Intern Perspective: Sahaba Initiative - Ramadan Iftar

Last Thursday, I had the pleasure of attending my first Ramadan Iftar on behalf of Glocally Connected. It was AWESOME.

Both observing and non-observing members of the community gathered in Riverside City Hall to break fast at sunset, and the event’s guest list showcased the city’s commitment to diversity.

The Iftar, hosted by the Islamic Center of Riverside, attracted local and state government officials like Senator Richard Roth and Mayor Rusty Bailey, religious leaders like Ibrahim Massoud, and UC Riverside faculty like Vice Chancellor Mariam Lam Named, many of whom shared their sentiments and support toward the Riverside Muslim community.

Through this opportunity, Sherry and I communicated the mission of Glocally Connected and identified potential allies and partners, all while being treated to a delicious meal of figs, rice, meat, and vegetables!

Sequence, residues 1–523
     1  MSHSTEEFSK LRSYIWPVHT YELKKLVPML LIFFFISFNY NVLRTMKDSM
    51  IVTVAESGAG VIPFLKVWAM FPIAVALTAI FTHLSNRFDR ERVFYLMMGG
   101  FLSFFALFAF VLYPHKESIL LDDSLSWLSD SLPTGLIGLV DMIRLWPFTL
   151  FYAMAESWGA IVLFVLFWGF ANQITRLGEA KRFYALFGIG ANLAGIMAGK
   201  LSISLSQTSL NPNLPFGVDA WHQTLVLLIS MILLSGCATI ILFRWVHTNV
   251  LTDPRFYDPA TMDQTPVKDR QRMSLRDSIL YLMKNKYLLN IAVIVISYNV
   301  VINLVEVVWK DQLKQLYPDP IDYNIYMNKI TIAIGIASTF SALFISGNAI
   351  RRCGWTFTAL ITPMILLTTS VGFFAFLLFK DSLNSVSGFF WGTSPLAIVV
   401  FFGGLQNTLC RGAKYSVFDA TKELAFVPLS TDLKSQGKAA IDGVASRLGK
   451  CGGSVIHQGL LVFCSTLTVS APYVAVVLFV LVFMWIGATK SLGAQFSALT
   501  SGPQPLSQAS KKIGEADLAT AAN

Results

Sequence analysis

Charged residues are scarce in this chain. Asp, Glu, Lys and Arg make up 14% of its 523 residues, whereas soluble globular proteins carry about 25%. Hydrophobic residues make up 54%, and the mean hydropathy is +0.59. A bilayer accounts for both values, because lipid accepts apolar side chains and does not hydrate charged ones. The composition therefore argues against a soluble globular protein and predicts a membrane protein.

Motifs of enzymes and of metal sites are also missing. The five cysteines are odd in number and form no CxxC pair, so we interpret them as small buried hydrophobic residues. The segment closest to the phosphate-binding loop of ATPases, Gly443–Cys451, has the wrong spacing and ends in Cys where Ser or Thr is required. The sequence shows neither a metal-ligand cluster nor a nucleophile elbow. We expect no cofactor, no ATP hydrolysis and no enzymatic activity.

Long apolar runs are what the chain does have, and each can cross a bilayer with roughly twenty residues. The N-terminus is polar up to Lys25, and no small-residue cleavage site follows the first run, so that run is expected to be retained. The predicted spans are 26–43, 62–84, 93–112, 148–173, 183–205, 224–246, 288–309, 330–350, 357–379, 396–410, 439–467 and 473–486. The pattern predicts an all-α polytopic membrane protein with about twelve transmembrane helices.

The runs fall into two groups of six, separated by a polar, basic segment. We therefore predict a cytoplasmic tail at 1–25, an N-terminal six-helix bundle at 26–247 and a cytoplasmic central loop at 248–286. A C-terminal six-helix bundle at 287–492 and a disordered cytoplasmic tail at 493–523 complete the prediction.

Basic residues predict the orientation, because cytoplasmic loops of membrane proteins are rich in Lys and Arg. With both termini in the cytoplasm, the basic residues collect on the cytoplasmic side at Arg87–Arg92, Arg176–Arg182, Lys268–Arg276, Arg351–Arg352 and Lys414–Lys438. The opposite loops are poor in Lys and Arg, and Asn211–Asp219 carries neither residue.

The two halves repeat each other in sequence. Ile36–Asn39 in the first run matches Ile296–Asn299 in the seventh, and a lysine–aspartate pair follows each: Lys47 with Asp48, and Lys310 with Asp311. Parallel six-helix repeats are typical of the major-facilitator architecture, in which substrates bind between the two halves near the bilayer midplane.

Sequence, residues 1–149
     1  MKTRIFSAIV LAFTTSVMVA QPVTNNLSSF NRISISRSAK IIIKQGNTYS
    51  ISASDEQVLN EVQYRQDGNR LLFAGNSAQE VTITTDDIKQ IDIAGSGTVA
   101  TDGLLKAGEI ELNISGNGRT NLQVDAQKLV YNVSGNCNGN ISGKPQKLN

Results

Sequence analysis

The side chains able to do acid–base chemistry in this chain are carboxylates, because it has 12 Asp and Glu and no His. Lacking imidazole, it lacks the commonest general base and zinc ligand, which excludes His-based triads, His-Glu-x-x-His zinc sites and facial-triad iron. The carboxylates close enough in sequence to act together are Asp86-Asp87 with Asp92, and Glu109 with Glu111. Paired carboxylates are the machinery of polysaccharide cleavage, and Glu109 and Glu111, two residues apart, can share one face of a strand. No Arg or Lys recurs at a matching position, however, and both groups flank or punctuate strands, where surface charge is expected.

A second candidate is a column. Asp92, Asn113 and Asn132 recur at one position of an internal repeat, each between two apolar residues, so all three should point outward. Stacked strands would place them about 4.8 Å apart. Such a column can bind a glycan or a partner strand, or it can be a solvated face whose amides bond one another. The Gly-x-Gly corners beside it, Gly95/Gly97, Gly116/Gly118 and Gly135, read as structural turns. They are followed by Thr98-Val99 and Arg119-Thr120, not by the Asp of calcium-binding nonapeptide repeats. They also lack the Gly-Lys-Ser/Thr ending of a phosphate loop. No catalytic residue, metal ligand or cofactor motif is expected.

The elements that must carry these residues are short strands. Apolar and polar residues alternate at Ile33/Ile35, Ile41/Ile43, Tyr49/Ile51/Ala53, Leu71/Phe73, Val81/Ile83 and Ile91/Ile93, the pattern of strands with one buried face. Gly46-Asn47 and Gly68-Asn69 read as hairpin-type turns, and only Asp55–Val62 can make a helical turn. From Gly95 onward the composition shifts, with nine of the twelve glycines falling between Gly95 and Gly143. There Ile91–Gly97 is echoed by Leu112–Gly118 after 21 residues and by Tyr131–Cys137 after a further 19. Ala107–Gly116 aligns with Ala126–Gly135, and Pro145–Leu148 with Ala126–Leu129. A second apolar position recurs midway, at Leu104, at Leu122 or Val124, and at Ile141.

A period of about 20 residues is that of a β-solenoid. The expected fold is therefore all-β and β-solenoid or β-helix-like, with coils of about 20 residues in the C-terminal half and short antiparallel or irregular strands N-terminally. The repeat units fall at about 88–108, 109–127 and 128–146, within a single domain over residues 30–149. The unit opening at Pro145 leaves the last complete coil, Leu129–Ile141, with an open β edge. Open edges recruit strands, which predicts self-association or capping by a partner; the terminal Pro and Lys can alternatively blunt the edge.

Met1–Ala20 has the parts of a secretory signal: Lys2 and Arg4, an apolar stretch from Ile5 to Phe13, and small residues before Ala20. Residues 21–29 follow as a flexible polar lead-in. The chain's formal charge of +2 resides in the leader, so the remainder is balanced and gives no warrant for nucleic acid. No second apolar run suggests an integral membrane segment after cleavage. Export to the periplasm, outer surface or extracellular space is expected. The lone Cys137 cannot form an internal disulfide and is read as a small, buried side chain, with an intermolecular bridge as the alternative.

As the speech-giving progressed, love, peace, and light emerged as key themes along with Riverside’s four pillars (inclusivity, diversity, respect, and pride), challenging the divisions of today’s world. These community leaders had come from all walks of life, religious affiliation, and political orientation, and yet, their speeches harmonized perfectly.

They addressed sensitive topics and current events, but refused to submit to fear. They were completely realistic about the challenges ahead, but still chose to renew their commitment to bridging divides. Labels and statuses melted away, leaving behind something remarkably human.

Because of this experience, I felt re-energized, and also incredibly excited for the rest of the internship to unfold.

The Iftar reminded me of the most valuable service one can provide for another: the opportunity to be seen and to be heard. Most importantly it reminded me that at a time when the world seems to be riddled with division, the best place to start is to meet a new neighbor and share a meal.